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Israel, US, and Egypt back Fatah's fight against Hamas

The Bush administration has spent most of its $84 million in aid to Palestinians to train an elite corps of Fatah-loyal fighters.

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Senior US officials in Washington on Wednesday promised ongoing military support for secular Palestinian President Mahmoud Abbas amid his power struggle with Islamist Hamas as part of an $84 million aid package largely aimed at improving the fighting ability of an elite corps of loyalists from his Fatah Party.

Israel, too, is making overtures to Mr. Abbas, reported the Israeli newspaper Haaretz on Wednesday, allowing light arms to flow to members of his Presidential Guard and saying that it would allow some of the US training of his forces to take place in the West Bank.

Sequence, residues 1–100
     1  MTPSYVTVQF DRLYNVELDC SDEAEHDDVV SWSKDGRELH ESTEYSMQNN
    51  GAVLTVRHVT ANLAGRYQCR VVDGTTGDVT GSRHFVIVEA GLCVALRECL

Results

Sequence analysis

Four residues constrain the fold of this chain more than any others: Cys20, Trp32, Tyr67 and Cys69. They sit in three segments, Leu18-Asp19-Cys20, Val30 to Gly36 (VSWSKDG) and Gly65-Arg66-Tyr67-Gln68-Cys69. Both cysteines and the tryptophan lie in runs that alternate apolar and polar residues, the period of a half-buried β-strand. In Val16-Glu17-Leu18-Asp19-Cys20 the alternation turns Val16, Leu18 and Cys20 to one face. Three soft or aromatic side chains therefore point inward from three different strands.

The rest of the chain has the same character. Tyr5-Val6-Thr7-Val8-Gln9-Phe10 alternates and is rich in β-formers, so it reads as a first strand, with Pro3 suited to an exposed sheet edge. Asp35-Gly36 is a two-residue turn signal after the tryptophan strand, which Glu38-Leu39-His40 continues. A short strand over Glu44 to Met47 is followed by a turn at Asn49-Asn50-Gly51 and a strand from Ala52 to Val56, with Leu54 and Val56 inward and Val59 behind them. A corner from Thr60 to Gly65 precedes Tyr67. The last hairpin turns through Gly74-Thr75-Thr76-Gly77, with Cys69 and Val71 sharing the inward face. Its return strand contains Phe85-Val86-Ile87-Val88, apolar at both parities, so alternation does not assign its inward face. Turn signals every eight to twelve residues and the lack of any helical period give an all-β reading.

That policy puts the US and Israel on a highly unusual course in the history of the Palestinian-Israeli conflict: Four-square support for Fatah to contain, if not defeat, the growing power of Hamas, which won the Palestinian Authority's (PA) last election.

But whether the effort will succeed is far from certain, and some analysts say there are risks to that course, chief among them the possibility of further fueling the internal Palestinian conflict, leading to deeper despair in the occupied territories and a PA less able to make the compromises on peace with Israel than it is today.

"They want to see Hamas removed from office and see Fatah in control of everything, and [the military assistance program] should be seen as part and parcel of that approach," says Mouin Rabbani, of the International Crisis Group (ICG), reached in Amman, Jordan.

"If you want to reach a stable and durable Palestinian settlement you can't do that by empowering one faction at the expense of the other, since you very much guarantee that the other faction, which is being marginalized, will seek to undermine any peace agreement."

In the West Bank on Wednesday, Israeli troops arrested more than 30 top Hamas officials in a renewed offensive against the group after a spike in rocket fire on southern Israel. Among those apprehended was Palestinian Education Minister Nasser Shaer.


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